• a press release and published crisis management document setting out procedures for national managers to adopt and implement in respect of crisis management situations.

In both cases, the claimants were unsuccessful in establishing the requisite duty of care (although the Okpabi case is pending appeal to the UK Supreme Court). However, the decisions equally demonstrate the approach the English courts will take to carefully considering the evidence as to whether the parent company had ‘inherited’ a tortious duty of care as a result of its interventions into the business and operations of the relevant subsidiary. The Vedanta trial on issues of substance will likely offer further guidance as to the levels of intervention necessary to risk of triggering the imposition of a duty of care upon the parent.

Still, the risk to parent companies must not be overstated. As recognised by Sir Geoffroy Vos’s judgment in Okpabi, it would be surprising if a parent company were to go to the trouble of establishing a network of overseas subsidiaries with their own management structures if it intended itself to assume responsibility for the operations of each of those subsidiaries.

While the Supreme Court in Vedanta was careful to avoid setting out a test for what level of intervention would be sufficient to impose a duty of care, it did offer some theoretical examples where such a duty might be found.  They include:

  • where the parent has in substance taken over the management of the relevant activity of the subsidiary in its place or jointly with the subsidiary’s management.
  • where the parent had given relevant advice to the subsidiary about how it should manage a particular risk and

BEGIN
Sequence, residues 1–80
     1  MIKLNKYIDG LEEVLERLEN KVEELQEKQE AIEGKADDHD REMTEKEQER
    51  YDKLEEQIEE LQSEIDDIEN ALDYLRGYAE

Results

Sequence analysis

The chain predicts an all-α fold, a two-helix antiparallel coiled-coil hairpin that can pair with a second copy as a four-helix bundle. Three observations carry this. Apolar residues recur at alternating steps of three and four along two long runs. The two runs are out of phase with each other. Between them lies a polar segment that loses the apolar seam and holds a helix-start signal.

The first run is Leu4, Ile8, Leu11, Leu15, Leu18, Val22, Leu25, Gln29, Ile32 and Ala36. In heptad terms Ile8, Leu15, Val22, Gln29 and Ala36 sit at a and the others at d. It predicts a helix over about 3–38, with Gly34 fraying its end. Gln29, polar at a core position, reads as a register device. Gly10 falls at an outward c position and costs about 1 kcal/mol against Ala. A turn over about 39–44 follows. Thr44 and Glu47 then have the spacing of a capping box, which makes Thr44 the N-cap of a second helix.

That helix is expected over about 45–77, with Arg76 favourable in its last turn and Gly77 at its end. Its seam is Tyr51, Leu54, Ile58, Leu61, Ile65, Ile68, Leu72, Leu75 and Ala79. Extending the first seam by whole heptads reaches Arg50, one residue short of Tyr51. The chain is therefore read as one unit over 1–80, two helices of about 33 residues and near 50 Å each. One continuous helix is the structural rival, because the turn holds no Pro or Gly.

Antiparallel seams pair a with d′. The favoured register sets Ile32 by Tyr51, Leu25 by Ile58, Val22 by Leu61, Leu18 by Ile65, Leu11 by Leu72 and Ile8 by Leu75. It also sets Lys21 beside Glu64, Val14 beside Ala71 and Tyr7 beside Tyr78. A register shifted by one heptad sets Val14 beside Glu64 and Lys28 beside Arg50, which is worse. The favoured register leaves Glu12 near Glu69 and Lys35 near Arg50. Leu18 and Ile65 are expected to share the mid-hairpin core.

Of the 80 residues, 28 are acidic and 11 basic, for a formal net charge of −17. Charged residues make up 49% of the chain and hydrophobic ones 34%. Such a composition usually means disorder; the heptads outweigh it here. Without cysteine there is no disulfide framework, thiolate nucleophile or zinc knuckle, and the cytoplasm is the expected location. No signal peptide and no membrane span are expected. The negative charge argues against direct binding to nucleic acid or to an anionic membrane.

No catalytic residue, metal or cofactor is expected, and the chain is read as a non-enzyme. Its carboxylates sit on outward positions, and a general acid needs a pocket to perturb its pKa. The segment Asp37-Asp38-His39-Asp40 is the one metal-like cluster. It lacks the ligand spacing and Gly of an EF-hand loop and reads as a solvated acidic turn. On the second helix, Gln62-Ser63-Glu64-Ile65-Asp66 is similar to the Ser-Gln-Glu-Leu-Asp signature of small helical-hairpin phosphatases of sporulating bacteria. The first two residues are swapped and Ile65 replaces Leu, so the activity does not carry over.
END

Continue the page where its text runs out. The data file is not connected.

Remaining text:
• the taking by the parent of active steps in relation to group-wide policies, through training, supervision and enforcement.

The court suggested that the omission by a parent to exercise supervision and control of subsidiaries in the way held out within the parent’s published materials might also establish a duty of care.

Taken together, these examples may distinguish between a parent merely taking steps to ensure mechanisms are in place and a parent seeking to exercise control over a subsidiary. Put another way, a distinction might be drawn between a parent determining the management of a subsidiary issue or just empowering that subsidiary to determine such management itself.

Whether the requisite duty of care can be established is highly fact-sensitive and so will depend upon the relevant circumstances of each case. It is, therefore, difficult, and likely will remain so even after the Vedanta case, to draw out clear-cut rules on the issue.

The Vedanta case is a timely reminder of the potential risk for parent companies as regards the actions of their subsidiaries. This ought, at the very least, prompt parent companies to pause for thought when engaging with the management of subsidiaries or implementing policies for them. Corporate structures and concepts of limited liability alone are insufficient to wholly ring-fence a parent from liabilities attributable to the actions of subsidiaries flowing up the corporate chain. The judgments are, therefore, advisable reading to any corporate group in the oil & gas industry given the typical model of establishing jurisdictional or project-focused special purpose and joint venture subsidiary vehicles when conducting business operations.

 

An unqualified right to remove an operator?  TAQA Bratani v. Rockrose

Recent judgments of the English courts have demonstrated their willingness to adopt a stricter and narrower approach in applying English law principles of contractual interpretation and construction.  The case of TAQA Bratani v. Rockrose  is a good example of this in the context of an oil & gas transaction. The decision demonstrates the English courts giving effect to the express terms of joint operating agreements and neither supplementing those agreements with implied terms, nor fettering the exercise of their express contractual rights.

 

Facts of the case